The Meuse (Dutch: Maas) is a river that flows through France, Belgium and the Netherlands - where it flows into the sea as a part of the massive Meuse-Rhine delta that shapes the country. While the latter river gets much attention from tourists, the Meuse - which is just as dramatic and varied, though shorter - is often overlooked.
Ardennes The Meuse flows through a deep and picturesque valley in the French and Belgian parts of this wild region.
Condroz The Condroz - which lies to the south of the Meus, roughly between the cities of Namur and Liège, forms the transition between the Ardennes and lower lying regions, and is just as picturesque.
Hesbaye The Hesbaye - which lies to the north of the Meuse - is a region of empty hills that stretches across four Belgian provinces, to Liège in the east, Namur in the west and to Leuven in the north.
Land of Herve This rich agricultural region around the towns of Herve and Aubel - to the east of the Meuse between Liège and the Dutch border - offers a landscape of pleasant rolling hills where many local foods are grown and processed.
Dinant — An old town in a stunning natural setting on the Meuse river, Dinant is a popular spot for adventure sports such as canoeing and rock-climbing. Dinant is best visited in winter, and is famous for being the birthplace of Adolphe Sax, who invented the saxophone.
The Meuse in Dinant
Namur (Dutch: Namen) — The capital of Wallonia, Namur is a classy town of around a 100,000 inhabitants, that boasts a tidy, well preserved old centre and an impressive citadel at the confluence of the Sambre and Meuse.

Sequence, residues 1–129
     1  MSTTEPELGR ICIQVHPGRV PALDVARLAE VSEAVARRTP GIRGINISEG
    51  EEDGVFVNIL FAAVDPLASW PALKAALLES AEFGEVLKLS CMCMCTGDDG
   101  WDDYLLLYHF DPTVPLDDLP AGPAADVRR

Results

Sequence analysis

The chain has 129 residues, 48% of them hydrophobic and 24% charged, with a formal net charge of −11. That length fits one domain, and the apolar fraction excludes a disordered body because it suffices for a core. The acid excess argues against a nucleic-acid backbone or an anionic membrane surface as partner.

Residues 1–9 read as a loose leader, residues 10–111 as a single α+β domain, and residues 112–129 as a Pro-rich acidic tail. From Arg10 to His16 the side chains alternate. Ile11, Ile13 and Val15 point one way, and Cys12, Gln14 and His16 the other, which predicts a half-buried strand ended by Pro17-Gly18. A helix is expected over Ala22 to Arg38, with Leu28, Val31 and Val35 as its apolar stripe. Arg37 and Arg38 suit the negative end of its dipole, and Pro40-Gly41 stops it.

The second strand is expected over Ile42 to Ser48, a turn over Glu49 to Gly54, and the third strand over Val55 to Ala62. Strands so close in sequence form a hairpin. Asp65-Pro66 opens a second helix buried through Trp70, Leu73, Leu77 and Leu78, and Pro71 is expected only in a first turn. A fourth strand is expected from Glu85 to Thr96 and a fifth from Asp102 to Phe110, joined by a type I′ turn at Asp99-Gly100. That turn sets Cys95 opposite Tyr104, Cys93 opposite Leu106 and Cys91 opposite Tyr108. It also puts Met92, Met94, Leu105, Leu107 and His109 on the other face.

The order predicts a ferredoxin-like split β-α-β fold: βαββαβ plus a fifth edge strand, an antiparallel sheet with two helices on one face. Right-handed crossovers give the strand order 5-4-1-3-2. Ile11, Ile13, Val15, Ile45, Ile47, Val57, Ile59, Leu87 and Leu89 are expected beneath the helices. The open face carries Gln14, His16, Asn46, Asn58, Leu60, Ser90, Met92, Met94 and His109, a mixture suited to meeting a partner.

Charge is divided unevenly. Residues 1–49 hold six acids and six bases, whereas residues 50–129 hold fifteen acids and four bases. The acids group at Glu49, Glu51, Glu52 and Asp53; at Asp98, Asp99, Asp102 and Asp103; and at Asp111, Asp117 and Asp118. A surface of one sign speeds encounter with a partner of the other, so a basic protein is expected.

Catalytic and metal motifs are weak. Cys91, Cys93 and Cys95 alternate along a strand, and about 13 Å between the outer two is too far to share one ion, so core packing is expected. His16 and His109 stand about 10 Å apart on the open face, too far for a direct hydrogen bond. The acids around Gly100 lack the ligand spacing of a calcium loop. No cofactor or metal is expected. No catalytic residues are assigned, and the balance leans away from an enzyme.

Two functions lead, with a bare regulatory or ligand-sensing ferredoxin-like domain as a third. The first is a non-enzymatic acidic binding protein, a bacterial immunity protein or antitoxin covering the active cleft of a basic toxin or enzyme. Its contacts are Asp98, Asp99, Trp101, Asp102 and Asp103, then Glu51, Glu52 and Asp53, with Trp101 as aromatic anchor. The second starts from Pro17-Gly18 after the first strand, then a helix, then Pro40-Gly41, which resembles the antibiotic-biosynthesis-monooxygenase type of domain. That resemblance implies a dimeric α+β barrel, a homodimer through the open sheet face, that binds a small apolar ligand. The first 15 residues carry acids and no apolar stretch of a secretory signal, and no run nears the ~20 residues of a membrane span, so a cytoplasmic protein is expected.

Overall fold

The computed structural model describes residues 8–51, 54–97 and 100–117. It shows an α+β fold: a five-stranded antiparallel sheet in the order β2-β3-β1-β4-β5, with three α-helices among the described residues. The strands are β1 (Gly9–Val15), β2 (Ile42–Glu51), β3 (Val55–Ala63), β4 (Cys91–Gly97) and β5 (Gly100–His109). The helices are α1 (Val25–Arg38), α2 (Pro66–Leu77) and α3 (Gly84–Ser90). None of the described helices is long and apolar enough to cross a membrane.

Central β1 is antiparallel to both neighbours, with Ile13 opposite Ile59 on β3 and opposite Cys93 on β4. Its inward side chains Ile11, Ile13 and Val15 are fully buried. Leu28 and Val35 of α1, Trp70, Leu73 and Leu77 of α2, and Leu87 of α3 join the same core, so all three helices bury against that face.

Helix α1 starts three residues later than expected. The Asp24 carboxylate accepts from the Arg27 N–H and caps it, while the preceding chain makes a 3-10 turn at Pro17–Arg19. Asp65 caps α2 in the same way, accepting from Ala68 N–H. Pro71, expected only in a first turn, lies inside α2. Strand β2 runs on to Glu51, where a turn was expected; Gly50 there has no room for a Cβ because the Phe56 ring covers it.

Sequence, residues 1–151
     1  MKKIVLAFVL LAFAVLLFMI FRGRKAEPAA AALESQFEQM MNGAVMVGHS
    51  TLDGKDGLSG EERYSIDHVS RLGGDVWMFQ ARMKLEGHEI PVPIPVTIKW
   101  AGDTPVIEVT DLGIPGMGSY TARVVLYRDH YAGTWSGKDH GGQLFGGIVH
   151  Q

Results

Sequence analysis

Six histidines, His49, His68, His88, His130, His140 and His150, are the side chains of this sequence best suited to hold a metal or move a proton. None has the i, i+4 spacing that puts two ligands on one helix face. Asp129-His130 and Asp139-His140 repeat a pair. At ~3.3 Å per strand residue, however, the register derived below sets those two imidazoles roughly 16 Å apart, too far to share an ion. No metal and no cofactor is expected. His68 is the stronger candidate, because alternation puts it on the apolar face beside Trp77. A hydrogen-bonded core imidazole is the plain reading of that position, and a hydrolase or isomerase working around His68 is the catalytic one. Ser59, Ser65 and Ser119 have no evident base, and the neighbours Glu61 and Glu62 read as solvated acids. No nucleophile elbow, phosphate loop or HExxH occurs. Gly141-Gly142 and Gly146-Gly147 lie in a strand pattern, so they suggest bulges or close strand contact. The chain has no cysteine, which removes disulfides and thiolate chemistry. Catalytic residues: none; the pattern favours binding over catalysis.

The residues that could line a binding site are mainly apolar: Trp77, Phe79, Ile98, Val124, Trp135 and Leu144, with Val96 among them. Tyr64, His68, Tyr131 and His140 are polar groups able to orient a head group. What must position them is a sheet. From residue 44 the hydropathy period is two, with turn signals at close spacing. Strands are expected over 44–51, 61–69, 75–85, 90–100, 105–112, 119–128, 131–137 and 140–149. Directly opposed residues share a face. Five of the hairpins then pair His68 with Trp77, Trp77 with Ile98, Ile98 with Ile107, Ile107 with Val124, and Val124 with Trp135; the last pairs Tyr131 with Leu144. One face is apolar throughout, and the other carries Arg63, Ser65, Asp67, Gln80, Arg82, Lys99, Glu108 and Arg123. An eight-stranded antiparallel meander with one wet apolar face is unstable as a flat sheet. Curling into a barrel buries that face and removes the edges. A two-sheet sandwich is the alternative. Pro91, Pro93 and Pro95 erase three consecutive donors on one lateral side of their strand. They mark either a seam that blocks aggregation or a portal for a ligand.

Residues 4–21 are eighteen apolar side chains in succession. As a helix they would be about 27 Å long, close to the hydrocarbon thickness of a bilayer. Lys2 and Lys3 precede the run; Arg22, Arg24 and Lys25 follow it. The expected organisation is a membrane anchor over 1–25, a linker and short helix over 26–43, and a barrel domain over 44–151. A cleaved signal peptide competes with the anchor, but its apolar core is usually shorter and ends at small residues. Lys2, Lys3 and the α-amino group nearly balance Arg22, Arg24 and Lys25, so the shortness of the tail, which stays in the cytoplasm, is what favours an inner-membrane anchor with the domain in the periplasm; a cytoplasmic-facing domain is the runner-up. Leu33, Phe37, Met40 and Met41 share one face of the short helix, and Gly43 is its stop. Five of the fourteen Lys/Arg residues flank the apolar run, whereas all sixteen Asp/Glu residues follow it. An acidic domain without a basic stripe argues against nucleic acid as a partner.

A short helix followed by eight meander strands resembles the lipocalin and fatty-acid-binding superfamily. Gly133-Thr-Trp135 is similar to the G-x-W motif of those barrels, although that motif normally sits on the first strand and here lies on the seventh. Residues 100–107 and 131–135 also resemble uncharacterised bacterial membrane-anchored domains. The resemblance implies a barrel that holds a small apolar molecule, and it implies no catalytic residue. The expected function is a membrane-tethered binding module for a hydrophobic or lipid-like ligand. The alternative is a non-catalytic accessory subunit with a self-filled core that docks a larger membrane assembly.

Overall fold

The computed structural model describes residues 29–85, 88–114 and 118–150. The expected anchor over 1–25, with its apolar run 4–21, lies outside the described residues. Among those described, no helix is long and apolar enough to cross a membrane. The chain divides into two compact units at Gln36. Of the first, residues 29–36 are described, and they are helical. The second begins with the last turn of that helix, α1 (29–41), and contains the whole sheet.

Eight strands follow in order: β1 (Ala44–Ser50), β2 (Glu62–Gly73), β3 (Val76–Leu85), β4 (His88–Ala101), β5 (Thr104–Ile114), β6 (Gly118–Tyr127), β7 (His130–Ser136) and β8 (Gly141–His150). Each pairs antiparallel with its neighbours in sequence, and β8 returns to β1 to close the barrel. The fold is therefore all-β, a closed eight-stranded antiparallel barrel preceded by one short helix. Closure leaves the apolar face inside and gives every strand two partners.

Huy (pop: 21,205) - An old town on the banks of the Meuse in the west of the province that boasts an impressive citadel.
The Meuse in Huy
Liège (Dutch: Luik, German: Lüttich) — The cultural hub of Wallonia is a many sided city that is definitely worth visiting if you are in Belgium. Besides some industrial scars, it is undeniable that Liège has a unique character, an eclectic mix of architecture from the middle ages to the present, a dramatic setting, exiting night-life, a number of museums, and varied natural surroundings to boot!
Visé (pop: 17,333) - Visé -- a small town on close to the Dutch border -- manages to have quite a pleasant center, despite being mutilated by the A25 motorway.
Rotterdam - While the water that flows into the sea at Hook of Holland comes from the Rhine these days, Holland's only city with a major skyline is known as the 'Maasstad', as these waters used to come from the Meuse.
By train: One can travel between most towns along the river - from Sedan in France to Dordrecht in the Netherlands - using regular trains, by taking the following route:
(routes marked * partly follow the river itself, and routes marked ** are real scenic routes)
Sedan > Charleville-Mézières > Givet**
Bus from Givet to Dinant**
Dinant > Namur**
Namur > Huy > Liège**
Liège > Visé > Maastricht*
Maastricht > Roermond*
Roermond > Venlo*
Venlo > 's-Hertogenbosch (via Eindhoven or Nijmegen)
-s'Hertogenbosch > Dordrecht (via Geldermalsen or Tilburg)
On foot and by bike: The three countries along the Meuse are cooperating to make the complete length of the river cyclable and walkable in the next few years. In the mean time, one can already cycle or walk considerable stretches by using (Ravel in Wallonia or the omnipresent network of cycle paths in the Netherlands.
By boat: There are cruises from a number of towns along the Meuse:
- Liège: Le Pays de Liège